8. Highlights and notes – This is a blessing and a curse.  I love to mark up my books when I read them – it helps me comprehend and makes it easier when I go back and skim.  While it is very handy to be able to highlight on the fly without needing to carry a pen, it is just not the same writing a note on the Kindle as it is marking up the margins of a book.  That being said, there are two "Killer Features" related to highlighting and notes.  First, you can view all your highlights in one spot, which makes skimming super easy.  Second, you can view the passages most highlighted by other users.  This is a great way to get a feel for a book and to draw your attention to key sections.
  9. Reading Experience – I know many people are hesitant about reading on an e-reader, thinking they will always prefer a good ole paper copy.  But, I absolutely love reading on my kindle.  I love the light weight and easy to hold design.  The e-ink is easy to read and the adjustable fonts are great.  I actually find myself getting less distracted while reading the kindle.
  10. Games – This is a minor highlight, but hey, I needed another to make it a round number.  The games are nothing special, but they are great for passing the time while on the road or looking to kill a few minutes of time.  Many of the word based games are free and slightly educational.

10 Things to do before Swaziland

August 23rd, 2010 5 comments

With our move to Swaziland probably only 10 months away, Beth and I have been talking through how we should spend our remaining time stateside.  Here is a list of 10 things I want to accomplish before we leave.  If you can help me out with any of them, please give me a shout.

  1. Learn to weld – Let’s start with an easy one.  I wouldn’t consider myself a handy man, but I am willing to try and figure stuff out.  This is one skill I don’t have and would love to pick up just in case the need ever presents itself.
  2. Improve my siSwati – I learned more siSwati in the 10 days we were in the country than I did in the months before trying to teach myself.  That being said, I have yet to cross beyond the typical greetings and pleasantries.  I would love to be able to have a basic conversation before arriving in the country nest summer.
  3. Take a course on AIDS – Swaziland is a beautiful country, but it holds several dubious titles.  It has the highest AIDS rate at nearly 40%!  It also has the highest death rate and fastest declining life expectancy.  Every issue in Swaziland is impacted by the AIDS epidemic (from employment to poverty to orphan care).  I want to take the time to familiarize myself with the disease, its treatment, and its impact on society.
  4. Brush up on my Southern African history – Swaziland has a rich history.  It was largely able to avoid the strife caused by colonialism that negatively affected so much of Southern Africa.  However, much of the current climate in the area is still impacted by this chapter of history.  I want to know more about the Boers and English and tribal conflicts that shaped the area.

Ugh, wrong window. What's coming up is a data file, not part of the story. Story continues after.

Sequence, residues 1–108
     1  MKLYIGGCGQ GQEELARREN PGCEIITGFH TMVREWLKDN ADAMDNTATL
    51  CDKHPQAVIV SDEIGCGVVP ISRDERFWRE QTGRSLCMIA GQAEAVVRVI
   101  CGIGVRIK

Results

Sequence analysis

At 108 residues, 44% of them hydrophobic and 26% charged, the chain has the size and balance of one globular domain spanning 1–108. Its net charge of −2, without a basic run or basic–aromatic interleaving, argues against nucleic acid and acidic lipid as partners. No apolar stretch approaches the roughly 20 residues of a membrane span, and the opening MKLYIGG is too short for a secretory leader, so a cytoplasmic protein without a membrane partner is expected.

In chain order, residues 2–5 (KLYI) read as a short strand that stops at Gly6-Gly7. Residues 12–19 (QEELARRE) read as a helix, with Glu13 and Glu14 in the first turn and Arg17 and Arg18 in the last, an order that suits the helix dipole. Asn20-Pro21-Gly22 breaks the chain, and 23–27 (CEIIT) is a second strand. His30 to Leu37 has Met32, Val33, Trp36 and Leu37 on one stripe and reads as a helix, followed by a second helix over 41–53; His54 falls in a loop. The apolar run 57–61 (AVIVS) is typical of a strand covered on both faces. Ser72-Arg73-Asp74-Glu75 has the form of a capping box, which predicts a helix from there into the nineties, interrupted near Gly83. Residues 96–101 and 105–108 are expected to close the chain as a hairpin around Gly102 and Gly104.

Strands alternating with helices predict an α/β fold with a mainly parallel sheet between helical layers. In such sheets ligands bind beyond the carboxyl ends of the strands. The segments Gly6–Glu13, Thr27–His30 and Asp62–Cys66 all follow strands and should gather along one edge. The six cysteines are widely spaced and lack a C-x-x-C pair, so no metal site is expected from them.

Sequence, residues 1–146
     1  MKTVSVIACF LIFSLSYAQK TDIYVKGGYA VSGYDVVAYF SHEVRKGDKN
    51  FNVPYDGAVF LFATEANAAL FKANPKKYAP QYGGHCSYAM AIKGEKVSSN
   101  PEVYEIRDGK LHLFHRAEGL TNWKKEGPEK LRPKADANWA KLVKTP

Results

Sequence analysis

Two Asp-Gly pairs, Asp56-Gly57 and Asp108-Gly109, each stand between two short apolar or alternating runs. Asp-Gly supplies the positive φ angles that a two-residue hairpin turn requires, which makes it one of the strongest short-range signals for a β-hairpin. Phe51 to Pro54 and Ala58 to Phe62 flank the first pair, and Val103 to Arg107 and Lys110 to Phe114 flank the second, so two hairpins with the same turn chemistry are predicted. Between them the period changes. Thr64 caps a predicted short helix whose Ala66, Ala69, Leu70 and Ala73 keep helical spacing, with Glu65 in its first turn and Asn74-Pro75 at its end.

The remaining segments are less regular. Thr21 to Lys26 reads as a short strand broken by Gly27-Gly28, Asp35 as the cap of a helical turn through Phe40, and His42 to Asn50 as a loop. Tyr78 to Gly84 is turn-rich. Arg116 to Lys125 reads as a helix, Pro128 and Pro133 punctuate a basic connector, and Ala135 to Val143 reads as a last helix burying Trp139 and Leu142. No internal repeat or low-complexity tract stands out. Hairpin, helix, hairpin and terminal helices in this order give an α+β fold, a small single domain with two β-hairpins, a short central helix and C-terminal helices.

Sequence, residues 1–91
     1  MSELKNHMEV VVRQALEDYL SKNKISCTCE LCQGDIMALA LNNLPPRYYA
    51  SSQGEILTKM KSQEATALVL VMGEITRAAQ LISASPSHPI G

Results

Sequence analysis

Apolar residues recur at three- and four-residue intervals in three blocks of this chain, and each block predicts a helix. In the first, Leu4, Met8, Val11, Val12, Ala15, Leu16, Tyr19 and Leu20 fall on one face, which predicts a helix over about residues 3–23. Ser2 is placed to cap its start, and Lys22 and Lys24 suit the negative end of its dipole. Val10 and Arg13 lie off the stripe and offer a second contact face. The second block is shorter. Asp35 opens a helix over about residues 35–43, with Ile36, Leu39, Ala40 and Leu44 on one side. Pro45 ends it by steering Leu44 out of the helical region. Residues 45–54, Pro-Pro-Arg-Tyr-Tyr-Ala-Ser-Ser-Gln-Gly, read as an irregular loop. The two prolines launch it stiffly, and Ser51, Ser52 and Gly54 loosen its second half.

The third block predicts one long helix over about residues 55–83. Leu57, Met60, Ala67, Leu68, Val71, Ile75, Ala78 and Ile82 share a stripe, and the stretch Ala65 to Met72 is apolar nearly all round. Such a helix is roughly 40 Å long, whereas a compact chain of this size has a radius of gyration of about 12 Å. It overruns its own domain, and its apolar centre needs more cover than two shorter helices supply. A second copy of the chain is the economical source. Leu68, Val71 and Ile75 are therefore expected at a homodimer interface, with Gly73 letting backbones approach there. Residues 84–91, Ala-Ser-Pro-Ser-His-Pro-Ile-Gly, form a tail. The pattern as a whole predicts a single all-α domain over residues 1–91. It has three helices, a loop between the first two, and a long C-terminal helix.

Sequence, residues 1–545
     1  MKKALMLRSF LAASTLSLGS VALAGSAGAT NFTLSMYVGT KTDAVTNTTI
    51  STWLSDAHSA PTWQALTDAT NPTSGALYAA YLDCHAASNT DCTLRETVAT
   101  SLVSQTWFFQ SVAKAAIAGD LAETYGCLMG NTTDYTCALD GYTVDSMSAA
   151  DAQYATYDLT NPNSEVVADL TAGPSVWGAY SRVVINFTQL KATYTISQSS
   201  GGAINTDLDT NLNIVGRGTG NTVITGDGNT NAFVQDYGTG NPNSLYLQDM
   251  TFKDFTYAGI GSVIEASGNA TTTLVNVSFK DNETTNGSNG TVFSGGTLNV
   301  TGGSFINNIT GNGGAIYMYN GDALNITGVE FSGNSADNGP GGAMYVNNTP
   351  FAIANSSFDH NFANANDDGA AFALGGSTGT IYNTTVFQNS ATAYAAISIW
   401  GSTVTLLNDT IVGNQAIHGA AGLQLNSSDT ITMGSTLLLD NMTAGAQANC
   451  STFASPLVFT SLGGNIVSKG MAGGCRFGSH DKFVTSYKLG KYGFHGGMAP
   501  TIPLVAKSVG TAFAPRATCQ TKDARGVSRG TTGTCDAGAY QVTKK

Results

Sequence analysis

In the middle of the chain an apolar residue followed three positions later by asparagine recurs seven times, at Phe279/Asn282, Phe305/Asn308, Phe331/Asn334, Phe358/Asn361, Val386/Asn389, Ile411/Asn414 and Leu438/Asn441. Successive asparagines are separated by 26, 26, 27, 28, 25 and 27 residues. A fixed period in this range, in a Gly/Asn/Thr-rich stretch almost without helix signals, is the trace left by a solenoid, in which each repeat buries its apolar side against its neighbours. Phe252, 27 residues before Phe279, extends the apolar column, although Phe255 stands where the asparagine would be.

5. Learn to drive a split shift – Another seemingly random skill set I would like to acquire.  I have no desire to drive a large truck, but I want to be able to do it if the need ever arises. 
  6. Become competent in PHP development – Several months ago, a good friend of mine and I began (re)teaching ourselves HTML and CSS.  I know just enough to get myself into trouble.  I would like to build on this skill set by adding PHP development so I can design websites and databases for the organizations I will work with and also as a possible secondary income stream.
  7. Sell / Give away / Downsize our stuff – We have been in this process for several years now, but still have so far to go.  I still have books to get rid of, a house to sell and plenty of household items to deal with. Most of our stuff is not going with us nor will it be saved.
  8. Visit with friends and family – This past weekend I had my 10 year reunion and also visited with college friends at a wedding.  It reminded me how many people I want to see before we leave.  If you are in the area, please take the time to give me a ring and I will treat you to a meal or coffee.
  9. Travel – This is obviously related to the prior.  I foresee many mini-road trips in the near future to visit people, but also I want to explore our own country a bit more before we leave.  I have been fortunate enough travel through most of the country, but Beth has not.  I want to be intentional about visiting places, especially in the American West.
  10.   Have a game plan for the next 10 years – This move to Swaziland has been over two years in the planning.  Beth and I have slowly, but deliberately made decisions about our future and have been willing to change them as needed.  Now that things are beginning to solidify, we need to be thinking about where we want to be in the next decade or longer.  This means working through things like expanding our family, saving for college, setting long term goals, etc.  I don’t expect to have it all figured out, but I want us to be intentional about the direction we are moving. (That is actually the key idea behind the title of my blog.)

Top 10 Candies

August 19th, 2009 3 comments

Many of my last few posts have been pretty heavy, so I figure it was time to return to the lighter side of things.  A few weeks ago Beth and I completed a series of Top 10 lists.  In one of my those posts I revealed one of my favorite foods was candy.  I decided to go more in depth and explore my favorite candies.  Here is my top 10 list.

  1. Sour Watermelon Slices – A little slice of heaven.  My grandparents used to buy these a local version of these before the Sour Patch brand came out.  I can (and have) gone through a 2 pound box of these in24 hours.
  2. Nerds Jelly Beans – A relative new comer to the list as these have only been around a few years.  Nerds Coating over a jelly bean core… how can you go wrong?  My only complaint is that after about 100 or so of these they don’t seem to be as good.